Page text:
Upper Gastrointestinal Bleeding: Evidence-Based Treatment

Upper Gastrointestinal Bleeding: Evidence-Based Treatment

2016-12-21T09:15:52+00:00

Upper Gastrointestinal Hemorrhage: Treatment ControversiesUpper gastrointestinal bleeding remains a common reason for emergency department visits and is a major cause of morbidity, mortality, and medical care costs. Often when these patients arrive, the classic IV-O2-Monitor is initiated and hemodynamic stability is assessed. Some of the next steps often performed include:

  1. Determination of the site and rate of bleeding (upper vs lower)
  2. Initiation of proton pump inhibitors (PPIs)
  3. Somatostatin analogs if variceal bleeding is suspected
  4. Prophylactic antibiotics
  5. Packed red blood cell (PRBC) transfusion for low hemoglobin and hematocrit levels

What is the evidence for these treatments, and do they affect morbidity and mortality?

Does nasogastric (NG) lavage help decrease mortality or clinically relevant endpoints?1,2

I have written about this once before on ALiEM’s NG Lavage: Indicated or Outdated?, but just in case you missed it, here are the highlights:

  • Bloody aspirate associated with high-risk lesion (OR 4.82 when compared to clear/bile aspirate)
  • Bloody aspirate associated with high-risk lesion (OR 2.8 when compared to coffee-ground aspirate)
  • 14.7% of clear/bile aspirate cases had a high risk lesion
  • Take home point: A clear NG lavage still misses almost 15% of patients with a high risk lesion.
  • 632 patients with GI bleeding had NG lavage performed to evaluate 30-day mortality, mean hospital length of stay (LOS), and transfusion requirements
  • No statistical difference in 30 day mortality, mean LOS, or transfusion requirements
  • NGL was associated with earlier time to endoscopy
  • Take home point: NGL is associated with earlier performance of endoscopy, but NO difference in clinical outcomes

 

Conclusion

NG lavage DOES NOT change 30 day mortality and transfusion requirements; a clear aspirate can still miss almost 15% of high risk lesions.

Does initiation of PPIs reduce overall mortality in upper gastrointestinal bleeds (UGIB)?3,4

What they did

  • Meta-analysis of six RCTs comprising 2,223 participants with unselected UGIB, undergoing active treatment with a PPI vs control (placebo or H2 blocker)
  • Outcomes evaluated at 30 days:
    • Mortality
    • Rebleeding
    • Surgery
    • Stigmata of recent hemorrhage
    • Length of hospital stay
    • Blood transfusion requirements

Results

  • No statistically significant differences in mortality, rebleeding, or surgery between PPI and control treatment
  • Not sufficient evidence to assess for amount of blood transfused or decrease in hospitalized days

Take home point

PPI treatment initiated before endoscopy for UGIB reduces stigmata of recent hemorrhage and requirement for endoscopic therapy, but DOES NOT affect clinically important outcomes namely: mortality, rebleeding, or need for surgery.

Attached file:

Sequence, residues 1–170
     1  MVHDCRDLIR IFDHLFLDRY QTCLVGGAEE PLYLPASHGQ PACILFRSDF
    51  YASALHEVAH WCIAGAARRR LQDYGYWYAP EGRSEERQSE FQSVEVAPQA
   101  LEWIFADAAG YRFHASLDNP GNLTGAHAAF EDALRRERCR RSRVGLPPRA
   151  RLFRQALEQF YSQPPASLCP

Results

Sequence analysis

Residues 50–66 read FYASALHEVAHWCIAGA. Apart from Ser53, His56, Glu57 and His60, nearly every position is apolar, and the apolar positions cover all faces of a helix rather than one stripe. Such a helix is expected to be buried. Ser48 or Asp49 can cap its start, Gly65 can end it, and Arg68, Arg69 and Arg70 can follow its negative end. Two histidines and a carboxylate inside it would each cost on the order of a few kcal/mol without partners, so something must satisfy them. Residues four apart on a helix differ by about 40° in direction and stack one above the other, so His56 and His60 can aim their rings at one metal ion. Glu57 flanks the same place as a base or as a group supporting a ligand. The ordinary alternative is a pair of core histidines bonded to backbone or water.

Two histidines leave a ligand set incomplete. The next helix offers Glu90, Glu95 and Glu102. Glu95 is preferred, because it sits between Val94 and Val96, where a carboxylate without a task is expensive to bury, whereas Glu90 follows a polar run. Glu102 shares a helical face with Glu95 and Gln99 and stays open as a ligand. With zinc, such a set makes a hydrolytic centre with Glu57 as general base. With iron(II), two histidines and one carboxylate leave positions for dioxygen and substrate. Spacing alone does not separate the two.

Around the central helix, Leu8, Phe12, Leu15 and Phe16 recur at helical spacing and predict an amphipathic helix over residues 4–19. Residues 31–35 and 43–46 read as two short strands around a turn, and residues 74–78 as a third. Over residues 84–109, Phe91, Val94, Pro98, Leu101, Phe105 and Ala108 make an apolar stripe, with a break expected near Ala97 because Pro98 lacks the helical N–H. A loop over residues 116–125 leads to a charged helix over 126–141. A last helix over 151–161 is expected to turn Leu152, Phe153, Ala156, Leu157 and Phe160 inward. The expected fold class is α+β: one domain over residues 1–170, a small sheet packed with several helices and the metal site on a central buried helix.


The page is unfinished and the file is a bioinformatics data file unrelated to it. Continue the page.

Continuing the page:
What they did

  • Meta-analysis of  21 randomised controlled trials comprising 2,915 patients
  • Comparison of PPI vs placebo or H2 receptor antagonist in endoscopically proven bleeding ulcer
  • Outcomes measured:
    • Mortality
    • Rebleeding
    • Surgical intervention

Results

  • PPI treatment significantly reduced rates of:
    • Surgical intervention: 8.4% on PPI vs 13.0% control
    • Rebleeding: 10.6% on PPI vs 18.7% with control
  • NO significant difference in mortality rates between PPI vs control

Take home point

PPI treatment in peptic ulcer bleeding reduces rebleeding and surgical intervention rates, but has no effect on mortality.

 

Conclusion

PPI treatment in undifferentiated UGIB does NOT improve mortality,* but in the subcategory of PUD may improve clinically relevant outcomes such as rebleeding and need for surgical intervention.

 

* Interestingly, The NNT did a review of this meta-analysis and found that PPIs may have a mortality benefit in the Asian populations and more harmful (or unhelpful) in the European studies.

Also checkout this great podcast from Ken Milne over at The Skeptics Guide to Emergency Medicine on PPIs.

Does initiation of Somatostatin Analogues reduce overall mortality in UGIB from esophageal varices?5,6

 

What they did

  • Meta-analysis of included 21 trials with a total of 2,588 patients comparing somatostatin or analogues with placebo or no treatment
  • Outcomes measured:
    • Mortality
    • Blood transfusions
    • Balloon tamponade
    • Rebleeding

Results

  • No significant reduction in mortality
  • Reduction of 0.7 units of blood required
  • Not enough reports to comment on balloon tamponade

Take home points

Somatostatin analogues do not reduce mortality in UGIB from esophageal varices, but may reduce blood transfusion requirements.

 

What they did

  • Meta-analysis of  eight trials involving 939 patients comparing EGD alone vs EGD plus somatostatin analogue therapy
  • Outcomes measured:
    • Initial hemostasis
    • 5-day hemostasis
    • 5-day mortality
    • Adverse events

Results

  • Combined treatment (EGD + somatostatin analogue) improved: initial hemostasis (NNT = 8) and 5-day hemostasis (NNT = 5)
  • No increase in adverse events in either group
  • No difference in 5-day mortality

Take home points

Somatostatin analogues improve the efficacy of endoscopic therapy to achieve initial control of bleeding and 5-day hemostasis, yet fail to affect mortality.

 

Conclusion

Somatostatin analogues DO NOT reduce mortality in UGIB from esophageal varices, but may reduce bleeding when combined with endoscopy.